5. Require mental and behavioral health assessment tools in annual pediatric wellness exams, and encourage parents to share this information with their child care provider and other education systems.
  6. Ensure that training in Mental Health First Aid and stigma reduction is universalized in secondary, university, and professional school programs and for individuals working with all students, including elementary and pre-school age children. Increase training requirements for all judicial system staff.
  7. Eliminate damaging and discriminatory disciplinary practices in schools statewide, including pre-kindergarten and kindergarten suspensions and expulsions, in order to shut down the school-to-prison pipeline. Instead, behavioral health and early childhood developmental support must be made widely available.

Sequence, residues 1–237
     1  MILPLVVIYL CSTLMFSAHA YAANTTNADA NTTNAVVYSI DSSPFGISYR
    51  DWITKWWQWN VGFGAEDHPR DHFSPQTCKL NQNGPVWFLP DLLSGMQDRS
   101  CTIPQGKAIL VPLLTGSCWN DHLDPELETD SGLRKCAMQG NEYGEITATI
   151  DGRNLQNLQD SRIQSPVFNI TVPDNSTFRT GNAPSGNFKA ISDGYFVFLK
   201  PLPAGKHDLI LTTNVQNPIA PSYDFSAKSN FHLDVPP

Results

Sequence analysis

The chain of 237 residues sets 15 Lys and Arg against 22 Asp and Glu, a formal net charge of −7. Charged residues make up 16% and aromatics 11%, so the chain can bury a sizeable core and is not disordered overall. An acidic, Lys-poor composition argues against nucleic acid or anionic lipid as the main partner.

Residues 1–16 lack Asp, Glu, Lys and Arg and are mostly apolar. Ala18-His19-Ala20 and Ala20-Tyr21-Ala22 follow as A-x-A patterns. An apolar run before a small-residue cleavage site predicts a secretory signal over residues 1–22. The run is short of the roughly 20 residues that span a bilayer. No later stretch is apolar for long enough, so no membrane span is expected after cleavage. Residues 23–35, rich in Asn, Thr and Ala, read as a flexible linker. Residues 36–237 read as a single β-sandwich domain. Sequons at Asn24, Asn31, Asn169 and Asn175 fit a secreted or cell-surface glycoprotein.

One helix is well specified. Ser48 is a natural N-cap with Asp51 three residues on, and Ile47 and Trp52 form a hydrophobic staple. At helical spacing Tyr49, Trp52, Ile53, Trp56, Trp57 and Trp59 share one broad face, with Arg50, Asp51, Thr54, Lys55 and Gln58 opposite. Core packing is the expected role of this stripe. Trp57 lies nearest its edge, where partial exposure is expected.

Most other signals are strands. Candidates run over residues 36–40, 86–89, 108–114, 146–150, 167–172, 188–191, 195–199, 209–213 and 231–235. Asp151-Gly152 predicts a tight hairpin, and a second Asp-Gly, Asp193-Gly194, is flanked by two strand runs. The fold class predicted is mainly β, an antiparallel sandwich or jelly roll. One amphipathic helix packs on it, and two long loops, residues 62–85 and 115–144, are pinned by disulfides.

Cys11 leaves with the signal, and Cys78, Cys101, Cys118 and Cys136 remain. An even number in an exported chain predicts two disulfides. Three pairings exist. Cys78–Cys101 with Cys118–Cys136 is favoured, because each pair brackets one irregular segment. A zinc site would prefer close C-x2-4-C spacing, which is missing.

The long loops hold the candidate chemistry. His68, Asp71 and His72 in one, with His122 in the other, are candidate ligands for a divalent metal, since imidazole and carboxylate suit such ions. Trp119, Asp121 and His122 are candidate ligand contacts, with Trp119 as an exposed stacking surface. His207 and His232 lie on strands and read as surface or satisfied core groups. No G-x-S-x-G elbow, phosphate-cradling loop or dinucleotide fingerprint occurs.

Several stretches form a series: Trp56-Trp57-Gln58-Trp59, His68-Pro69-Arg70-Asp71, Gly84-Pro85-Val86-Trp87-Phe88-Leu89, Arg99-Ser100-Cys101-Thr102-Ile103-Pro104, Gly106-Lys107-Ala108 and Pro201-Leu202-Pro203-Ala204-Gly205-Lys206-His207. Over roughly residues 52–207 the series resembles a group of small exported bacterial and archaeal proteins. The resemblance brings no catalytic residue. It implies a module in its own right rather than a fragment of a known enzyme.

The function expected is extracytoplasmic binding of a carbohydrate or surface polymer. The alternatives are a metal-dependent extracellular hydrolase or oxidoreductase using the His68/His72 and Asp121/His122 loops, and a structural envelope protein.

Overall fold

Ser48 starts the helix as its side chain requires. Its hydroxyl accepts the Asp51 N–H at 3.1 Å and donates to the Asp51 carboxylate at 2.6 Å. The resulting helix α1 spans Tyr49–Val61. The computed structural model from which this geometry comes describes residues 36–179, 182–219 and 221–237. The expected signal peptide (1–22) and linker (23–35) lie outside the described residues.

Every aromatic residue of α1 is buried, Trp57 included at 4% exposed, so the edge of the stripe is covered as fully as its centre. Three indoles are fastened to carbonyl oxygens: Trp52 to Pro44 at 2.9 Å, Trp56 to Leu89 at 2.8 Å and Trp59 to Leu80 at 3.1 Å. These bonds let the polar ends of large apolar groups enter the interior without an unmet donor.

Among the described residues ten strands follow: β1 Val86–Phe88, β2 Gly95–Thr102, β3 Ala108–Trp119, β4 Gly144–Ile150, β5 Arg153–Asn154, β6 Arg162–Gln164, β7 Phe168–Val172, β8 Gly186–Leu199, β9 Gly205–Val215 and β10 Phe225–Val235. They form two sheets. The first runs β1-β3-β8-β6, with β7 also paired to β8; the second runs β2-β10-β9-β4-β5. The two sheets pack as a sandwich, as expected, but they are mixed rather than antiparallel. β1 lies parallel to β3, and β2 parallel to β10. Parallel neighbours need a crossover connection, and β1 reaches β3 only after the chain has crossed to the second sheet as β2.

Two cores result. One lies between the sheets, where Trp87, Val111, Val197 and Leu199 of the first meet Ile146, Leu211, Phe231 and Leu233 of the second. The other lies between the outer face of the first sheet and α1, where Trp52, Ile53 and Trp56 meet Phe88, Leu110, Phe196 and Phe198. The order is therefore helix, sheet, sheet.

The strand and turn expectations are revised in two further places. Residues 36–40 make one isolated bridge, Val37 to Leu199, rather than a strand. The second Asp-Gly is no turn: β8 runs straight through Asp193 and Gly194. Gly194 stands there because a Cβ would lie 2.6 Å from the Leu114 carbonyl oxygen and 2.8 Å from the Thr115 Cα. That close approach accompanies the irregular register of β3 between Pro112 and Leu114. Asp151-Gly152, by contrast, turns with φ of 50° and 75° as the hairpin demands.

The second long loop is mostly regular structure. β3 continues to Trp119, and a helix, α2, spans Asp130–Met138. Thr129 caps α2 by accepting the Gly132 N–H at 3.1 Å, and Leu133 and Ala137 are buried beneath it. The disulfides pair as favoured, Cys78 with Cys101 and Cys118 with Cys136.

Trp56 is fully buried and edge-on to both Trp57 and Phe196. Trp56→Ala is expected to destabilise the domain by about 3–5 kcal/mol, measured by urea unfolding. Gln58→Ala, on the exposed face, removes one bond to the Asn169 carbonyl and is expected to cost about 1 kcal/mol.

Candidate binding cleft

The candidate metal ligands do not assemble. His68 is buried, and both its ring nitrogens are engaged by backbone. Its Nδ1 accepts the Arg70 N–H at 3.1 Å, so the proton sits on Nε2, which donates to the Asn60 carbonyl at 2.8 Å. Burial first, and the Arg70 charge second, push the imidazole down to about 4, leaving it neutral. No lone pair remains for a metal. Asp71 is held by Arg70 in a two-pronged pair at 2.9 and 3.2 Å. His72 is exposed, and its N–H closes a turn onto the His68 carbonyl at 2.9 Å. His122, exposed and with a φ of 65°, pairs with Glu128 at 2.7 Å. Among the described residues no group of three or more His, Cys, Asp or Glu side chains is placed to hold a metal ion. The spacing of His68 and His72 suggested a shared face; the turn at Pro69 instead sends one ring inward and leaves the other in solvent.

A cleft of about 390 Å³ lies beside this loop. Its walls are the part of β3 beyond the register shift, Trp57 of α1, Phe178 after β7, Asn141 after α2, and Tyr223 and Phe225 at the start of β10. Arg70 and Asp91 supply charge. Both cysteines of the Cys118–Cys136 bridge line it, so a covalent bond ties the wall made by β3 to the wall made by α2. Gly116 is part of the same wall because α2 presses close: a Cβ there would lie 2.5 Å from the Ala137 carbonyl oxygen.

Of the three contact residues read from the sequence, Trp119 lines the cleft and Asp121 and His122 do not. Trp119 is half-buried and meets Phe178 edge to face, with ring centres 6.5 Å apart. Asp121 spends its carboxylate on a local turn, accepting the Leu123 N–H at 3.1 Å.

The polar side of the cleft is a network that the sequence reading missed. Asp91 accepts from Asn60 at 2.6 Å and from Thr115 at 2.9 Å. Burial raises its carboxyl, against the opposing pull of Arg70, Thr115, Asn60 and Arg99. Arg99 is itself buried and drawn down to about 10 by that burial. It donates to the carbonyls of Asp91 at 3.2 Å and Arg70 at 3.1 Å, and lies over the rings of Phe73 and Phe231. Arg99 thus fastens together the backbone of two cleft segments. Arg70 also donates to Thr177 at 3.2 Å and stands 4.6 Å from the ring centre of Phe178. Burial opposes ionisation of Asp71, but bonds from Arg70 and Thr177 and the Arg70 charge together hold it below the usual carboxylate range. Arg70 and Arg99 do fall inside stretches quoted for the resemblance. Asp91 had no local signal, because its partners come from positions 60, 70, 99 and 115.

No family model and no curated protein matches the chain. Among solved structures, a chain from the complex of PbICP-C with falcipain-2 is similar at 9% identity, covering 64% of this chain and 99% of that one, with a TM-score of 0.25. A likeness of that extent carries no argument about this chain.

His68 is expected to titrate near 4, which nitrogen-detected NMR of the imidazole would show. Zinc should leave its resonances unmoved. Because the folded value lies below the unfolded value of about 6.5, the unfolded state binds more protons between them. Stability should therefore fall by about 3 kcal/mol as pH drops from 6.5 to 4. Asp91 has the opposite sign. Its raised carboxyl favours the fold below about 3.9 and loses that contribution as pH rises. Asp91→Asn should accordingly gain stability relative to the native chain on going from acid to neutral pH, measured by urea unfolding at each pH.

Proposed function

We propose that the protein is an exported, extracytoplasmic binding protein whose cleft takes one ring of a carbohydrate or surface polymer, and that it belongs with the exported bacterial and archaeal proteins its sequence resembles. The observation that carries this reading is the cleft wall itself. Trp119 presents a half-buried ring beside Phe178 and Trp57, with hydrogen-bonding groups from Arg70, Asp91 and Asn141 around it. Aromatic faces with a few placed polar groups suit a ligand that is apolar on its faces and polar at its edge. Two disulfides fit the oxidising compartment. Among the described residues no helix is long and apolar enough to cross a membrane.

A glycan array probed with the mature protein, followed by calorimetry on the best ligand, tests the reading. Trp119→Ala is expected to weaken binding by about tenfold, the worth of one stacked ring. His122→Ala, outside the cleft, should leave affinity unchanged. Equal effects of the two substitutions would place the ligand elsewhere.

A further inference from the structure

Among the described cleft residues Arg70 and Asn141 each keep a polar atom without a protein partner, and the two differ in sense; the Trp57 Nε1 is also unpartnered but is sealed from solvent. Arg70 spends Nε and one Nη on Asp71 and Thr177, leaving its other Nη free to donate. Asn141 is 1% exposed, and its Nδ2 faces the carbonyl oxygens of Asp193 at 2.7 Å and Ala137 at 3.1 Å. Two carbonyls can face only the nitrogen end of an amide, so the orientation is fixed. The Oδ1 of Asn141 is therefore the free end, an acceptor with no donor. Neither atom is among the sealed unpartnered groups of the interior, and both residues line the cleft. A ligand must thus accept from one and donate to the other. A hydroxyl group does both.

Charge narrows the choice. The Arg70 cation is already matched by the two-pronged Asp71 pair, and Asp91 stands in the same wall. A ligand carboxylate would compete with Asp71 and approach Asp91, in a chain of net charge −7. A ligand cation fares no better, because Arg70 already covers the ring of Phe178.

8. Fully implement and enforce the Mental Health Parity and Addiction Equity Act with effective sanctions to inhibit non-compliance.
  9. Promote highest standards of integrated mental health and addiction care via accreditation and diversity of treatment modalities.
  10. Design and adopt a state formulary for psychiatric medications to ensure the availability and affordability of medicines for mental health management across systems.
  11. Support and accelerate efforts to integrate data for the purposes of managing behavioral health crises within community health systems, as opposed to within the justice system.
  12. Ensure that crisis stabilization, treatment, and hospital receiving centers have the capacity and resources to manage “no wrong door” law enforcement diversion, to perform comprehensive multi-disciplinary assessment, and to provide wraparound services that can guide individuals in crisis into treatment and toward needed resources. The state must also take strides to carry out assisted outpatient treatment efforts as codified by Indiana law and supported by evidence-based best practices.